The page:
RE: cool .. very brave indeed ..
bcombee @ 6/17/2002 2:40:21 PM #
Alphasmart's previous products have had the ability to hook up to PCs and be used as external keyboards in addition to their use as standalone devices. Perhaps they are continuing this capability with this device.

--
CodeWarrior for Palm OS technical lead
Programming help at www.palmoswerks.com
RE: cool .. very brave indeed ..
I.M. Anonymous @ 6/18/2002 2:49:14 PM #
It does support the Keyboard emulation (in Alphaword) like the 3000 and 2000. It also supports 2 forms of memory and not just one. It supports the MMC (MultiMedia Card) and the SD (Secure Digital) card. It also supports SDIO and should run blue tooth devices just fine.

Galileo 5000

I.M. Anonymous @ 6/17/2002 10:51:02 AM #
Speaking of handhelds in schools, any of you with kids ever seen a Disney show called Recess? One of the kids on it has the ultimate handheld. The Galileo 5000 is obviously modeled after a Palm because it looks just like one but it has a set of features possible only on TV.

It has an AI for a user interface with voice capabilities. Built in camera with facial features recognition (It knows its owner as soon as she picks it up.) A wireless connection to the Internet, of course. An apparently endless battery life.

Maybe someday...

RE: Galileo 5000
I.M. Anonymous @ 6/17/2002 11:16:03 AM #
When will people realize that technology has become a crutch and obstacle to learning. We don't need no stinking AI, PDAs, or calculators for kids in elementary schools.

Living in San Fran, I won't even get into the current education fad called new-new math or Whole Math or Mickey Mouse Math by detractors. I won't even get into the poor math skills of kids. I've tutored many first-year college kids who have gone through this new-new math and I can't tell you how bad they are at basic math. These kids aren't ready for Calculus let alone Algebra. Many can't even do basic math like 10% of 200 without using a calculator. They claim the math is too hard ?!? Factor a basic polynomial. Heck, they need to use their TI-89 calculators with CAS (Computer Algebra System) to do that.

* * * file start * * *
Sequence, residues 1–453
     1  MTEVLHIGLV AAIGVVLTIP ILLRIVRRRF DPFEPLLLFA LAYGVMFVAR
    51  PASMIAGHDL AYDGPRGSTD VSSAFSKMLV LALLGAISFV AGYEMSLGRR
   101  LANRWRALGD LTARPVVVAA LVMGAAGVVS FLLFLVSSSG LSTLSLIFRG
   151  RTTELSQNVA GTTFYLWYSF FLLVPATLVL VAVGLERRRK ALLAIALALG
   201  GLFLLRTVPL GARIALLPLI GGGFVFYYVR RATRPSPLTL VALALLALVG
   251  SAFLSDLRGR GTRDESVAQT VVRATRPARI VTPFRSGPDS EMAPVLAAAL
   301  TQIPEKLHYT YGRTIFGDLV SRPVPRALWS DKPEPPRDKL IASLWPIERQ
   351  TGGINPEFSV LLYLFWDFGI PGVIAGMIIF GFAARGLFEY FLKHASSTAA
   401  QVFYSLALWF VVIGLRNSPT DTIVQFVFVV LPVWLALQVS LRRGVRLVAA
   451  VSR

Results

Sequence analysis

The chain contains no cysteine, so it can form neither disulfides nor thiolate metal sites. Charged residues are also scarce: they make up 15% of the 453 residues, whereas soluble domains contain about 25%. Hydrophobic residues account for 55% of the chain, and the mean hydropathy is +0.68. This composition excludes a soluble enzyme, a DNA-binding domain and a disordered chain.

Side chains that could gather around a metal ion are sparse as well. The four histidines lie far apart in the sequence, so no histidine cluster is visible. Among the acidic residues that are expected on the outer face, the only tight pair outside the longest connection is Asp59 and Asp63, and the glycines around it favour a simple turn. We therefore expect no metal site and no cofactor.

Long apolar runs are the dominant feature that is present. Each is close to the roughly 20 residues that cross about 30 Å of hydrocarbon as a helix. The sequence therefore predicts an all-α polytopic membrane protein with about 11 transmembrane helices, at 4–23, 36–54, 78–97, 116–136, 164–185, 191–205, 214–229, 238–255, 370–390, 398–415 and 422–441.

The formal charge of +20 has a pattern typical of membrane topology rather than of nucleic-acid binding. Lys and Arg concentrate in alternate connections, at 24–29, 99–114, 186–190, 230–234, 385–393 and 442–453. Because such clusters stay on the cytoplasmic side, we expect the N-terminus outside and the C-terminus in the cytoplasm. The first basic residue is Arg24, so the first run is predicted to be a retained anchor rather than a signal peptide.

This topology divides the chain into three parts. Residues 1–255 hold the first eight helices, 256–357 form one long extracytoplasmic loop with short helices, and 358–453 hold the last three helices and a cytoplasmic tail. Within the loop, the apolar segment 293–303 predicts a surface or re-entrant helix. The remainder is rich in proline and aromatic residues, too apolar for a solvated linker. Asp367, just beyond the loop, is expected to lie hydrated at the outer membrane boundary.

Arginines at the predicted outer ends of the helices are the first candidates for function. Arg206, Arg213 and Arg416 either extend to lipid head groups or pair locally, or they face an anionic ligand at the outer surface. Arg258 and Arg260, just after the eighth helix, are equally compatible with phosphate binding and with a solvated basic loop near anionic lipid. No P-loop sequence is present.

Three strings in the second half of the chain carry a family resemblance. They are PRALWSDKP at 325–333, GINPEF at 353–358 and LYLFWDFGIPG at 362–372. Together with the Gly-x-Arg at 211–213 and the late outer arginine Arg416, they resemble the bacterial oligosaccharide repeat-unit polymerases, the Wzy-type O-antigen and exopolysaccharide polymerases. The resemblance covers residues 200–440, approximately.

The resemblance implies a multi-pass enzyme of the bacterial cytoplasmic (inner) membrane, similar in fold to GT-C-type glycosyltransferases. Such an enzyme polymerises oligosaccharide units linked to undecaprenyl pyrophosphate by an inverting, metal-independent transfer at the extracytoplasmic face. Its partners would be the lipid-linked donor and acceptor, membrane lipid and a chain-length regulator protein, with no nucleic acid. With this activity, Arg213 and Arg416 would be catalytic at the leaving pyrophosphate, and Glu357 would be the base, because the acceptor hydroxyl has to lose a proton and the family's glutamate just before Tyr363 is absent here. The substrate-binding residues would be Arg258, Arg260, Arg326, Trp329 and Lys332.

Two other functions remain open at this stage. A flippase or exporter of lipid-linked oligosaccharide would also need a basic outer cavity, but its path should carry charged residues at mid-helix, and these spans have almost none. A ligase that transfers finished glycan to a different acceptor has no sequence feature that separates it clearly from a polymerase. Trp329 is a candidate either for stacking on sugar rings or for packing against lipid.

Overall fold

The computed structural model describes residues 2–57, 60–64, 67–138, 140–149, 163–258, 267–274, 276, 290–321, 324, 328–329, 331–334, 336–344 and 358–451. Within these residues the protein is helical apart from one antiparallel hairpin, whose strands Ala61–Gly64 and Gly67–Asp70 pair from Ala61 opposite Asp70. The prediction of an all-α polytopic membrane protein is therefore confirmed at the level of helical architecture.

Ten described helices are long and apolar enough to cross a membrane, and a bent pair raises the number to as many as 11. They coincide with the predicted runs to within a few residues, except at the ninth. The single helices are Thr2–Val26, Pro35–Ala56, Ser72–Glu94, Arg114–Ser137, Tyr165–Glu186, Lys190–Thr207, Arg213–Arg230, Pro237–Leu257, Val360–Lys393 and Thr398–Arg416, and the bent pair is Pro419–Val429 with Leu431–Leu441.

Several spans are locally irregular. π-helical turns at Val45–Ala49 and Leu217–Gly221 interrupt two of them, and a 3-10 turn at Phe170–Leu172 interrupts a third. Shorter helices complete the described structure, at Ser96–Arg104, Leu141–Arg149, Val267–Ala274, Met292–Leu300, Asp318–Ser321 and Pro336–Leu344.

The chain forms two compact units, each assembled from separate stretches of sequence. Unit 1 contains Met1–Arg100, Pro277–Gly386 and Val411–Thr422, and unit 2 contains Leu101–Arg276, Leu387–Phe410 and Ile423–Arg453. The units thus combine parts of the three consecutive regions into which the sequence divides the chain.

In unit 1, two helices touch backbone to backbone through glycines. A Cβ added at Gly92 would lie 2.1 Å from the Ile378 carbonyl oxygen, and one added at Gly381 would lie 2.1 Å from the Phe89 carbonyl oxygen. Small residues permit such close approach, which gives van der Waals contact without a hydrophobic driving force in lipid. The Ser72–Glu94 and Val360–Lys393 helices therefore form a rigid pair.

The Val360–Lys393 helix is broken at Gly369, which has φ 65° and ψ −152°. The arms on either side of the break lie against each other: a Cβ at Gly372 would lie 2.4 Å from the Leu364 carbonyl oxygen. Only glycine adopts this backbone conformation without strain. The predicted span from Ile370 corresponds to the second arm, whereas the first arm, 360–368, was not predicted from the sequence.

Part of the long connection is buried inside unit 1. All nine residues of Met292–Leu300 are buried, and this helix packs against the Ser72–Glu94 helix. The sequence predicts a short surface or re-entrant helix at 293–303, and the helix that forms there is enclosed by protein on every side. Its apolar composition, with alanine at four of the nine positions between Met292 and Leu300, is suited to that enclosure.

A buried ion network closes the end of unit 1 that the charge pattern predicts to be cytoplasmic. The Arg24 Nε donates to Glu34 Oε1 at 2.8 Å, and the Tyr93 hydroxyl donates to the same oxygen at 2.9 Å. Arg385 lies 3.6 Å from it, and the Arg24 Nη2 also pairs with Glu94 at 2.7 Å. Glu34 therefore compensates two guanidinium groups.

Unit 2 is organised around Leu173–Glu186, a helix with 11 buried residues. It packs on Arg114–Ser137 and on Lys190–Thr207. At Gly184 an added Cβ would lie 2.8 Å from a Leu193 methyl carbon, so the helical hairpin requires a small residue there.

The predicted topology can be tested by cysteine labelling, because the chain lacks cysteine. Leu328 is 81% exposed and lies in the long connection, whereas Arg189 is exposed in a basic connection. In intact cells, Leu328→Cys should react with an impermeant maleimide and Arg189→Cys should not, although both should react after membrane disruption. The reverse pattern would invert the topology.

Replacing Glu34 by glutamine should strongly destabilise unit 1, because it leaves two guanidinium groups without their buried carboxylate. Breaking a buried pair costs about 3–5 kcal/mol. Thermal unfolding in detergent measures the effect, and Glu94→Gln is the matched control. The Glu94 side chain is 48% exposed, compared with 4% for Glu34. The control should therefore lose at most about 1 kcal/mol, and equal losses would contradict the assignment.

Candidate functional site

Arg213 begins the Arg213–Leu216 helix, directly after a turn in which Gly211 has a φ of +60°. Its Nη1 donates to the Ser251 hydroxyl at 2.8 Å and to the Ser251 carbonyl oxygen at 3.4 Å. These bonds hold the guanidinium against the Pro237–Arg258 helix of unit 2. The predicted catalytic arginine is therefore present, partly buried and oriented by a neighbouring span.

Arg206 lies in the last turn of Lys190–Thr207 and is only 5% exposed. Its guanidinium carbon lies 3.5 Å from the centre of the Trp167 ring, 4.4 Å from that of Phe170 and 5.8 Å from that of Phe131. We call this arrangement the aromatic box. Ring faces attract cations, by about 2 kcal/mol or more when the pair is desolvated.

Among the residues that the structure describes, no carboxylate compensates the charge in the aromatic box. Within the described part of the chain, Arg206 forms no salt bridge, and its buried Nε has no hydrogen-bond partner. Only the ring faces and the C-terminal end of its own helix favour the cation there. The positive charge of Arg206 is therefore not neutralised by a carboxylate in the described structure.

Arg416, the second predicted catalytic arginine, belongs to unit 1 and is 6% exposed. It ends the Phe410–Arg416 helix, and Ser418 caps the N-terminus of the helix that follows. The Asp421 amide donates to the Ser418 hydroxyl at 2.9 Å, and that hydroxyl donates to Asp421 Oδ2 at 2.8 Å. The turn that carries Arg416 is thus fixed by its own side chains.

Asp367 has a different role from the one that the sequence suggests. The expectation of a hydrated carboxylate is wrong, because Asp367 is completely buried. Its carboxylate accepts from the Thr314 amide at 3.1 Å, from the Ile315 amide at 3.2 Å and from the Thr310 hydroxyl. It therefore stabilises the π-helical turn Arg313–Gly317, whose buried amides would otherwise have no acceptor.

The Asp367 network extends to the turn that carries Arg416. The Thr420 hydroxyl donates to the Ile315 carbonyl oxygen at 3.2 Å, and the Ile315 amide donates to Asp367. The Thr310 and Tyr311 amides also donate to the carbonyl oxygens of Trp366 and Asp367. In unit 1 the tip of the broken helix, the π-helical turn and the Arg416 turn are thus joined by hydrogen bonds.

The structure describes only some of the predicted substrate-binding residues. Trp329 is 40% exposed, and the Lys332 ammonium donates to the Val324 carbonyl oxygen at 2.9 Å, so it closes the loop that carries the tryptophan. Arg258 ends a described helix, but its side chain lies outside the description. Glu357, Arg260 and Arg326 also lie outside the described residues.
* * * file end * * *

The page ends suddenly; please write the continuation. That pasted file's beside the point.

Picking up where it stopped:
Now, Educators want to push PDAs and other crutches. Heck with AIs in the future, why even send kids to school. Let the AI go to school. Kids should just play "educational" video games all day long so they can train for that million dollar a year job for goofing off.

RE: Galileo 5000
Kaitou @ 6/17/2002 1:06:39 PM #
Heh

I am a technophile, but I do have to say I agree here. I am 21 now btw, so high school isn't too far away for me, and my math teacher wouldn't allow us calculators till we started Trig, where theory is more important. Well that and standard exams, as they were allowed there, she didn't want us to lose points on that, but in class, and for homework, they werent allowed. And if she didn't see your long division, then you used a calc, and lost points. I have to say it helped a lot for me, and I don't see a need for HS students to carry laptops or jr high to need PDA's.

RE: Galileo 5000
I.M. Anonymous @ 6/18/2002 6:08:34 AM #